Placement on the kidney transplant waitlist is more likely to occur at dialysis facilities rated high for quality care by the Center for Medicare & Medicaid Services, a new study finds.
Of 5869 dialysis facilities in the United States in 2017, 132 (2.2%) received 1 star, 436 (7.4%) received 2 stars, 2047 (34.9%) received 3 stars, 1660 (28.3%) received 4 stars, and 1594 (27.2%) received 5 stars for quality. The star ratings were based on measures of mortality, hospitalization, dialysis adequacy, vascular access, blood transfusion, and hypercalcemia.
Compared with 1-star dialysis facilities, 4- or 5-star dialysis facilities had significant 42% and 47% increased odds of waitlisting patients for kidney transplantation within a year of dialysis initiation, Joel T. Adler, MD, MPH, of Brigham and Women’s Hospital in Boston, Massachusetts, and colleagues reported in JAMA Network Open. Most 1- and 2-star facilities were located in urban areas and served a higher percentage of minorities. As the patient-to-nurse and patient-to-social worker ratios increased, the odds of waitlist placement decreased (5% and 1%, respectively, per 10-patient increment).
Patients receiving home dialysis and peritoneal dialysis had 1.5- and 2.2-fold increased odds of waitlist placement in the first year, compared with patients receiving in-center hemodialysis, the investigators reported. Compared with those at nonprofit and urban facilities, patients at for-profit and rural facilities had significant 22% and 37% decreased odds of early waitlisting, respectively. Large chain facilities had significant 4% decreased odds of placing patients within the first dialysis year compared with independent chains.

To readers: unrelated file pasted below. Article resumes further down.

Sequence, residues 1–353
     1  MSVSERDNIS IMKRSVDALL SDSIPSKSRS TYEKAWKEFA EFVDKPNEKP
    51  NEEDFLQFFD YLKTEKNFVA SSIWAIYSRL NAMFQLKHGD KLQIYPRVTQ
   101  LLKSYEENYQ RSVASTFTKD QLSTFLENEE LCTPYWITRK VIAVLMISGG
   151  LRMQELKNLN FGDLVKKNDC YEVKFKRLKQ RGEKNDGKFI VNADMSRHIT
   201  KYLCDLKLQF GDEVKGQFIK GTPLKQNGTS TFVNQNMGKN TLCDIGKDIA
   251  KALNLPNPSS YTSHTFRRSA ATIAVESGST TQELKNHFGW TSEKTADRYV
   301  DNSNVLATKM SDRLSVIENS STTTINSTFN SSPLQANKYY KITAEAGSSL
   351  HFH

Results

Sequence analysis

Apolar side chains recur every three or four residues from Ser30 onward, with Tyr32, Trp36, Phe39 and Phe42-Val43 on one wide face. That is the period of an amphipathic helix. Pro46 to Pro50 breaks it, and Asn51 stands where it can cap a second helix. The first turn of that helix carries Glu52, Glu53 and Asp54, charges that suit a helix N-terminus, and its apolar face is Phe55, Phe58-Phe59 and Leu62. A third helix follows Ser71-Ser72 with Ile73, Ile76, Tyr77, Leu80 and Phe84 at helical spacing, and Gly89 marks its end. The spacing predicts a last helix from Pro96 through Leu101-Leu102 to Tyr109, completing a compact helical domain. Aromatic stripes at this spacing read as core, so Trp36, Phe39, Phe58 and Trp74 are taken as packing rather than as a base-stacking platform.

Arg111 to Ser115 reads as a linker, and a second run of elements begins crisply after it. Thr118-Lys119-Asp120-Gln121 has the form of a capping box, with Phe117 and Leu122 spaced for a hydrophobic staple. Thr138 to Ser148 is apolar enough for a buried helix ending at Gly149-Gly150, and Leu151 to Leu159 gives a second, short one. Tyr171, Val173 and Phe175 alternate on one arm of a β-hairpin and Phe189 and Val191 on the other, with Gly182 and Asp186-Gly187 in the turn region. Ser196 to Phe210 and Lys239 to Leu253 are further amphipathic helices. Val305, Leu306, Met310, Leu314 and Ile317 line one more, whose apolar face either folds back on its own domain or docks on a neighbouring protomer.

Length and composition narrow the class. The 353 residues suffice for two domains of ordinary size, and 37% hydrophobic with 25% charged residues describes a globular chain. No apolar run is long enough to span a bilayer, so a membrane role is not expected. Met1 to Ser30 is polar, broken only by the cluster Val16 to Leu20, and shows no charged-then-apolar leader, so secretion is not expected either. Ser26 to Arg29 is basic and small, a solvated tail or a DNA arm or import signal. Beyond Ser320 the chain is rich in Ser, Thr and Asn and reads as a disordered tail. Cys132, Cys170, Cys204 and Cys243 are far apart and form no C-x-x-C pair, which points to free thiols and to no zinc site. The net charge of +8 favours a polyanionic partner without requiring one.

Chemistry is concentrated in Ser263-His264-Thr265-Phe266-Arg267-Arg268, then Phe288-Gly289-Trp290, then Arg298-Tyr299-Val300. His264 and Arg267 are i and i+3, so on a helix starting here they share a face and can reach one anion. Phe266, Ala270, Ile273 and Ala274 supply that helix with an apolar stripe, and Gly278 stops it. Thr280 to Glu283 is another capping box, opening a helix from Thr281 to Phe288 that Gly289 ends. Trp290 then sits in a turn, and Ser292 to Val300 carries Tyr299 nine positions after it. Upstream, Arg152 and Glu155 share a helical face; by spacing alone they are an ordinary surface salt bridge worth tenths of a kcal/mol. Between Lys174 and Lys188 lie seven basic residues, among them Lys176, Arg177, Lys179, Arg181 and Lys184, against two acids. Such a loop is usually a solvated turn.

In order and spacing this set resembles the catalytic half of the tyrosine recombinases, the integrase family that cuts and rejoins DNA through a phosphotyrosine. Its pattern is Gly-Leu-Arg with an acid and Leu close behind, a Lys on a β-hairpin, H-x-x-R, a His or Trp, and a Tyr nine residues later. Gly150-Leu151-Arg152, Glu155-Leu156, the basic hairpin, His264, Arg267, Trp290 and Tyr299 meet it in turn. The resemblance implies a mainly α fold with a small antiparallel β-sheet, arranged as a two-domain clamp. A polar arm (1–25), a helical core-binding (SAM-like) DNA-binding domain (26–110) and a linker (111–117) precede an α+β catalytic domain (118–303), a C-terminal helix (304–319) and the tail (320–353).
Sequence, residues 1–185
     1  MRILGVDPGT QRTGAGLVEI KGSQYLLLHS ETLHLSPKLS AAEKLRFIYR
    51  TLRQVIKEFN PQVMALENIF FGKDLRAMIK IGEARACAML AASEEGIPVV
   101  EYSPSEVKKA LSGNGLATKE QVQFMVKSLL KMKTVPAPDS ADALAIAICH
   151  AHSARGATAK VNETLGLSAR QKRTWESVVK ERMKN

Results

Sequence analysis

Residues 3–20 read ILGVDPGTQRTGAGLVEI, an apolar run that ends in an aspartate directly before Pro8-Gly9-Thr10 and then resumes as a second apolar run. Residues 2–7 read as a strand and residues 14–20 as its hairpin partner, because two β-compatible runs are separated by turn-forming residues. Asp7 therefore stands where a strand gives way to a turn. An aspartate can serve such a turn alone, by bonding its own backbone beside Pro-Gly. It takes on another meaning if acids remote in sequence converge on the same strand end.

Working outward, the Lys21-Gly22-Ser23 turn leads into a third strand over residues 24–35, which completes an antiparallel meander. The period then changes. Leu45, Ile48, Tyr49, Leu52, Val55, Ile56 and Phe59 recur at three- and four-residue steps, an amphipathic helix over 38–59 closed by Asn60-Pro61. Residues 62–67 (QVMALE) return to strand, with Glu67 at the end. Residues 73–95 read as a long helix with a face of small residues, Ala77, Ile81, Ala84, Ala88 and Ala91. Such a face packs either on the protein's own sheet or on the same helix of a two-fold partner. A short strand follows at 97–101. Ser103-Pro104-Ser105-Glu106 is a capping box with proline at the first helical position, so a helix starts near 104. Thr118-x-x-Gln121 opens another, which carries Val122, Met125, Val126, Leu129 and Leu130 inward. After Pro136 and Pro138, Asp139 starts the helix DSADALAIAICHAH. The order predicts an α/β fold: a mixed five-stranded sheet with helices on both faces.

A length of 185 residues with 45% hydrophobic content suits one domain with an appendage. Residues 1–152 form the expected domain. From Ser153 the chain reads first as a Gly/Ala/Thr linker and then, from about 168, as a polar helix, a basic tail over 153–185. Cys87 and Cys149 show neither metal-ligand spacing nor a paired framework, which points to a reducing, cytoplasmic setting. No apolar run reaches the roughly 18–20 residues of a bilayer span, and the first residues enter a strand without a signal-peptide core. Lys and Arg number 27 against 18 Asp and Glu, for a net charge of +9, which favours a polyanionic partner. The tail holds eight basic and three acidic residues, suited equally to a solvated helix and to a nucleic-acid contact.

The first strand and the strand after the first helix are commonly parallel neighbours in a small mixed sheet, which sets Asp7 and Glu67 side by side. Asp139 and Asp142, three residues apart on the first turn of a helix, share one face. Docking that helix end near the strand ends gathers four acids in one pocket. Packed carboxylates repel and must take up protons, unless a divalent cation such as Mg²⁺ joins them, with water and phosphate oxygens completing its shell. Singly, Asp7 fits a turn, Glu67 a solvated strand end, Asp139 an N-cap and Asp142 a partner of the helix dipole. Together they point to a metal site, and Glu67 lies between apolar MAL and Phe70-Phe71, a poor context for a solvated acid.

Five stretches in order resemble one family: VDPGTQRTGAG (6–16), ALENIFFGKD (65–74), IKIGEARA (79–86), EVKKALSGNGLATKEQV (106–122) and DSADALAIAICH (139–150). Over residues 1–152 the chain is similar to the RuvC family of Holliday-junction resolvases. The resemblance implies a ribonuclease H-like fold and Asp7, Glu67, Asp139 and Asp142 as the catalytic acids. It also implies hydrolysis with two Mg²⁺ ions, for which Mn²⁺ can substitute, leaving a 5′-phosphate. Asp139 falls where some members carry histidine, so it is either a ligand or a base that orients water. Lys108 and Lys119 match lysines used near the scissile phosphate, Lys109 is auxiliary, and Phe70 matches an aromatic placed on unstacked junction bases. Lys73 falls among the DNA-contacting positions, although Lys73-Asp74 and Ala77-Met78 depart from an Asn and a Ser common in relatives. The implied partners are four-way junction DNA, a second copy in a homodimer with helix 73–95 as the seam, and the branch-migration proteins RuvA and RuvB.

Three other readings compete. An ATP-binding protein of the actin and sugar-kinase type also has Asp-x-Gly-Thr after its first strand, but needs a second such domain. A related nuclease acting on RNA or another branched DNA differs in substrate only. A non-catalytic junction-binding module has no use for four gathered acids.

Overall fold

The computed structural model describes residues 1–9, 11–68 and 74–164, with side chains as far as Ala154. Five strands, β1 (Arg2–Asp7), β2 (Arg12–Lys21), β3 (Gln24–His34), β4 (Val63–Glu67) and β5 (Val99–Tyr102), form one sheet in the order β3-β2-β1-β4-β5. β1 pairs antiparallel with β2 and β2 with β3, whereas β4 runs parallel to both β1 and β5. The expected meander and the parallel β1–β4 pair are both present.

Patients informed of transplantation had significant 2.3-fold increased odds of waitlist placement within the first dialysis year, according to the investigators. Men had significant 32% increased odds of waitlisting compared with women. Black patients had 26% decreased odds of early placement compared with White patients.
Each 1 year increase in age was associated with significant 5% decreased odds of waitlist placement. Employment was associated with significant 2.4-fold increased odds of early waitlisting. Retirement was associated with significant 6% decreased odds.
Dr Adler’s team stated that “the wide variability in the proportion of waitlisted patients suggests that this may be an important target for a quality measure. In the context of changing payment models that are intended to improve ESKD care, attention to the association between dialysis facility quality and transplantation should guide future policy.”
Adler JT, Xiang L, Weissman JS, et al. Association of public reporting of Medicare dialysis facility quality ratings with access to kidney transplantation. JAMA Netw Open. doi:10.1001/jamanetworkopen.2021.26719